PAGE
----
"This theory explains almost everything we know about the universe up to this point," said Van Kolck. "However," he added, "there is one problem that the standard model does not explain."

"Like the protons and neutrons - the particles making up the nucleus of an atom - every particle has what's called an antiparticle, things like antiprotons or antineutrons. The universe seems to have many more particles than antiparticles," said Van Kolck. "So there is a question of why the universe seems to have such an asymmetry between particles and antiparticles."

"The current indication is that the universe started from a very concentrated state, which some people call the Big Bang, and evolved from that. It would be appealing if we could show that the universe started with a balanced number of particles and antiparticles and that the fact that we observe more particles now can be explained in the process of evolution of the universe."

When things don't look balanced, physicists ask why. The explanation may lie in a rare violation of the phenomenon of time reversal.

Time reversal?

"Let's suppose you're playing billiards," said Van Kolck. "You have two balls and you knock them against each other on the table. Suppose you film this, but you play the movie in reverse. If you don't tell the person who is watching which version is forward and which is backward, the person wouldn't be able to tell."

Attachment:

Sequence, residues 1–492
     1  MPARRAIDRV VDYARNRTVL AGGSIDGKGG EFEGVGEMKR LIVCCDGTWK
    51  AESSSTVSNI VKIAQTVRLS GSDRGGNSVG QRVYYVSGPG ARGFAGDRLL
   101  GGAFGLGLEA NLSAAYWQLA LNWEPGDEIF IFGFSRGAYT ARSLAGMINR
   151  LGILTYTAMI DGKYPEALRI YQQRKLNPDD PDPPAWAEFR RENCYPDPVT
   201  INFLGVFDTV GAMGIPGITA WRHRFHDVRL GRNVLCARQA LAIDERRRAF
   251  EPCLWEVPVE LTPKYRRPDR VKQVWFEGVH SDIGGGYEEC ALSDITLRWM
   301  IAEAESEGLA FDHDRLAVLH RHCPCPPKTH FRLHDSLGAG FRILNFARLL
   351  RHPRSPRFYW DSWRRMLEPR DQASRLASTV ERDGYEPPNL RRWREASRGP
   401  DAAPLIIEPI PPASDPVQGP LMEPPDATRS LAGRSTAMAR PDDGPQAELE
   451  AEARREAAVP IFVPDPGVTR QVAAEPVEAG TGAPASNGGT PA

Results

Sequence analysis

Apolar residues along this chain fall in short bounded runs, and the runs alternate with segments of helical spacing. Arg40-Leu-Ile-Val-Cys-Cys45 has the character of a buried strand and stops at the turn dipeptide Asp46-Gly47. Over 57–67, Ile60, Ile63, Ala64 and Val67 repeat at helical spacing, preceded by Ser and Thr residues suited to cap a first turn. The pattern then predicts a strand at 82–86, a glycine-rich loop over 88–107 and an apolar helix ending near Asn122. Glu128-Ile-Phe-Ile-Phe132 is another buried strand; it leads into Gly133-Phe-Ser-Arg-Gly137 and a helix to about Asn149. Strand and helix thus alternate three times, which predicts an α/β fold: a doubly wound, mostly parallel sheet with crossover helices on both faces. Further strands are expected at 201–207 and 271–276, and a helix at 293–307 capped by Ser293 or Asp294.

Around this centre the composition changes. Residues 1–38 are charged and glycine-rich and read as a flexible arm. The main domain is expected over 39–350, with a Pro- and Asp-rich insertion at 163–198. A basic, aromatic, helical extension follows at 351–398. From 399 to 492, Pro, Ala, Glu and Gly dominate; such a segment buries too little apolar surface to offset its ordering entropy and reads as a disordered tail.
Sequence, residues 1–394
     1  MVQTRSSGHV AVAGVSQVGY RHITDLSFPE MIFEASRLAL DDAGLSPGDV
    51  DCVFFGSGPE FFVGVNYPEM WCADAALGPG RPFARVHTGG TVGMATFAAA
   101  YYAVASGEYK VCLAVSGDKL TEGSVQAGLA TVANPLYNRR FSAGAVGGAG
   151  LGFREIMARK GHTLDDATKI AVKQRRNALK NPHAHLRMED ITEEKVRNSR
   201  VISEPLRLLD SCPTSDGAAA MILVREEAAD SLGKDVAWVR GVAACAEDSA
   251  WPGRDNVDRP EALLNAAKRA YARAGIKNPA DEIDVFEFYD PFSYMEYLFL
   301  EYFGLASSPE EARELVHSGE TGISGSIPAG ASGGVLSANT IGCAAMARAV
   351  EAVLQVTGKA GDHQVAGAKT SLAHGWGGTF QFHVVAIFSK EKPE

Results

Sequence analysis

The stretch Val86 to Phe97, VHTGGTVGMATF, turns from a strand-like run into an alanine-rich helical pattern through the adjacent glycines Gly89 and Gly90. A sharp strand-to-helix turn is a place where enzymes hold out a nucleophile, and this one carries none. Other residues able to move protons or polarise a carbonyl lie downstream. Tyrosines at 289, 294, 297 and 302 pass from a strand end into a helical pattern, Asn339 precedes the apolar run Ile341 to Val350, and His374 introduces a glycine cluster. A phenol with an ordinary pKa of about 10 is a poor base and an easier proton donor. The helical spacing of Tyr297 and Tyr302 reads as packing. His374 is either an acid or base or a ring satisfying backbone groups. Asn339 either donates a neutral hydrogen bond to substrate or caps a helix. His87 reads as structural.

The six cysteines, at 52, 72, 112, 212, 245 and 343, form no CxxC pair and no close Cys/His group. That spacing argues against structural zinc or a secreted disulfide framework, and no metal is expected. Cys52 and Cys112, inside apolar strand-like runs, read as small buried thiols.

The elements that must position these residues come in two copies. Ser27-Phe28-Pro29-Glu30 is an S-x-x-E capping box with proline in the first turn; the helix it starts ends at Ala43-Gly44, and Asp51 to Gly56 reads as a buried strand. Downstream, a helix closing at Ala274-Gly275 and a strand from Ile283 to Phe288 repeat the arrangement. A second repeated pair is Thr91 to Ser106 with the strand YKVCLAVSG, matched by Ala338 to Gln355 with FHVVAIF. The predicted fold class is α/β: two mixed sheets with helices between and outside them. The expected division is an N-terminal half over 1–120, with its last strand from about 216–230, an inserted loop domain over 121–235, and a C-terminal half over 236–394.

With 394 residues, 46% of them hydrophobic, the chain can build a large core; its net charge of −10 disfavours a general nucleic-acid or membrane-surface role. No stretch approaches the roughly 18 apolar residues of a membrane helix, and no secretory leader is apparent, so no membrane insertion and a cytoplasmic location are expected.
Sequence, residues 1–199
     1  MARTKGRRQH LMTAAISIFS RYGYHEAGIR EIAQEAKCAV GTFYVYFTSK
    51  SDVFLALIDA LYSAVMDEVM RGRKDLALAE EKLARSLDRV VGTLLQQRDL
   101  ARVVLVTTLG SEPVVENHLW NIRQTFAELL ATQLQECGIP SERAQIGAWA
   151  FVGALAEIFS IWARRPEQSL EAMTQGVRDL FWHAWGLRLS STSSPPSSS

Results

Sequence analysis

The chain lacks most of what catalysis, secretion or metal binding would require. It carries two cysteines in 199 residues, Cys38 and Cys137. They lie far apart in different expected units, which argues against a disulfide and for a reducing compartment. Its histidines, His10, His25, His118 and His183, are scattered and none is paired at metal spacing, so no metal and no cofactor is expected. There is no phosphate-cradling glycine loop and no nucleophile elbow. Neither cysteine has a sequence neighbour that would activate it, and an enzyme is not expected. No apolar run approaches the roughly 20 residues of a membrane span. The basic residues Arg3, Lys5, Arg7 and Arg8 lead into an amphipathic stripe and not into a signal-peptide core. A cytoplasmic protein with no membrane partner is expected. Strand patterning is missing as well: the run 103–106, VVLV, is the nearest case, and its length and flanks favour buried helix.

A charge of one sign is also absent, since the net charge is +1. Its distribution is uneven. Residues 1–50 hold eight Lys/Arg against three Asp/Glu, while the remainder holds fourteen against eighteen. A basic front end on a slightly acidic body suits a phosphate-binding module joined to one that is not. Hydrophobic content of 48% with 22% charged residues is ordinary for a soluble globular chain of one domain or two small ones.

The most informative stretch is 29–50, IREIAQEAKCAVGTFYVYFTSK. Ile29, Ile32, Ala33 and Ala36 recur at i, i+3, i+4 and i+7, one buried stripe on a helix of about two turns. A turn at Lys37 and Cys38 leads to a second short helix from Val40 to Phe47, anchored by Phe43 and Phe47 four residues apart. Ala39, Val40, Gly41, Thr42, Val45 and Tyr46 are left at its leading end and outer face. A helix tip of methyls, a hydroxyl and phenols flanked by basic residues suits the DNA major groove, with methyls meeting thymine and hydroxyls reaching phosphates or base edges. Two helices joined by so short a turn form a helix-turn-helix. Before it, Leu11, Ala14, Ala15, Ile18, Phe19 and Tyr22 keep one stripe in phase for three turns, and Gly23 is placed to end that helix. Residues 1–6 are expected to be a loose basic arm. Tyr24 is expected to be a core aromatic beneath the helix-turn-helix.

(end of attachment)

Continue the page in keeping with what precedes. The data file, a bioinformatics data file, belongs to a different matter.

Just as in the movie, time can be reversed in the equations that describe our world and the equations still balance.

For example, the maximum speed of your car is the miles it can cover per hour, or to a physicist, distance divided by time. If time is reversed so that it becomes a negative number, the equation still balances because the magnitudes of the speed and distance stay the same.

But wait a minute, you say. Time only goes one way: People get older, not younger.

"This is an apparent direction of time," said Van Kolck. "It has to do with the initial conditions. We can have laws of physics that work both ways and still give rise to phenomena that have a direction of time."